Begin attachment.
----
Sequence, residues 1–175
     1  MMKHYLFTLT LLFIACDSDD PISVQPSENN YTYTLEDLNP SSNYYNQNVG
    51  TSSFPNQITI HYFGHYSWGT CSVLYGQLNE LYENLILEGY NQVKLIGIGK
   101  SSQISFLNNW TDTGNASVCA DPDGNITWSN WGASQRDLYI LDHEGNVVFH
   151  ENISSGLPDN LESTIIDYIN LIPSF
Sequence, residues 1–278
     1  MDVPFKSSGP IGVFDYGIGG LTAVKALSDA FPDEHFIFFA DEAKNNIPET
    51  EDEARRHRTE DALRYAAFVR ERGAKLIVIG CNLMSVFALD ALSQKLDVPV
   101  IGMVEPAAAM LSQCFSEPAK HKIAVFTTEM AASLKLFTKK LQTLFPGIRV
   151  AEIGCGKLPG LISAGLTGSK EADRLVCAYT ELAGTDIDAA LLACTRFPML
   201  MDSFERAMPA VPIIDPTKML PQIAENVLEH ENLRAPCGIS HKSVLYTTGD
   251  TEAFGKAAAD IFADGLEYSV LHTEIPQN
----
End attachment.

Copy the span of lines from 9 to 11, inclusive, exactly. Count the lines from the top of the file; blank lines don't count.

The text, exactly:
   101  IGMVEPAAAM LSQCFSEPAK HKIAVFTTEM AASLKLFTKK LQTLFPGIRV
   151  AEIGCGKLPG LISAGLTGSK EADRLVCAYT ELAGTDIDAA LLACTRFPML
   201  MDSFERAMPA VPIIDPTKML PQIAENVLEH ENLRAPCGIS HKSVLYTTGD